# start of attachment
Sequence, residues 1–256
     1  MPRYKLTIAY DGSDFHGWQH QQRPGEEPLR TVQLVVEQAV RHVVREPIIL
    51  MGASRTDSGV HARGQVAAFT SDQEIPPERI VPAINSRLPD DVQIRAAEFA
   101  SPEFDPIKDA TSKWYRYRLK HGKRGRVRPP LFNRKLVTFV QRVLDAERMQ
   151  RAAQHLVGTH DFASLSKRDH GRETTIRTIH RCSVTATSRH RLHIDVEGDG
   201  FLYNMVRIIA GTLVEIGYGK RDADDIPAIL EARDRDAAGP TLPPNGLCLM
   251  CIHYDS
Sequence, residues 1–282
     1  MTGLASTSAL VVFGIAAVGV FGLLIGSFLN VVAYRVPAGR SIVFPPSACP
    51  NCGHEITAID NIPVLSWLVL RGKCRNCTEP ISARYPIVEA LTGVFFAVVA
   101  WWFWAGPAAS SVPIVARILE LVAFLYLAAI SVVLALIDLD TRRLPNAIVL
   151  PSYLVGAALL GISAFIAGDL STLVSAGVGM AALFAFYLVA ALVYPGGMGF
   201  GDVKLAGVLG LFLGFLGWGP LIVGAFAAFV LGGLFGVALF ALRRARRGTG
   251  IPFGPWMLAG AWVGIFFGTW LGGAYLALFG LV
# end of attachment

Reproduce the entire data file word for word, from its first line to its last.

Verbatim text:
Sequence, residues 1–256
     1  MPRYKLTIAY DGSDFHGWQH QQRPGEEPLR TVQLVVEQAV RHVVREPIIL
    51  MGASRTDSGV HARGQVAAFT SDQEIPPERI VPAINSRLPD DVQIRAAEFA
   101  SPEFDPIKDA TSKWYRYRLK HGKRGRVRPP LFNRKLVTFV QRVLDAERMQ
   151  RAAQHLVGTH DFASLSKRDH GRETTIRTIH RCSVTATSRH RLHIDVEGDG
   201  FLYNMVRIIA GTLVEIGYGK RDADDIPAIL EARDRDAAGP TLPPNGLCLM
   251  CIHYDS
Sequence, residues 1–282
     1  MTGLASTSAL VVFGIAAVGV FGLLIGSFLN VVAYRVPAGR SIVFPPSACP
    51  NCGHEITAID NIPVLSWLVL RGKCRNCTEP ISARYPIVEA LTGVFFAVVA
   101  WWFWAGPAAS SVPIVARILE LVAFLYLAAI SVVLALIDLD TRRLPNAIVL
   151  PSYLVGAALL GISAFIAGDL STLVSAGVGM AALFAFYLVA ALVYPGGMGF
   201  GDVKLAGVLG LFLGFLGWGP LIVGAFAAFV LGGLFGVALF ALRRARRGTG
   251  IPFGPWMLAG AWVGIFFGTW LGGAYLALFG LV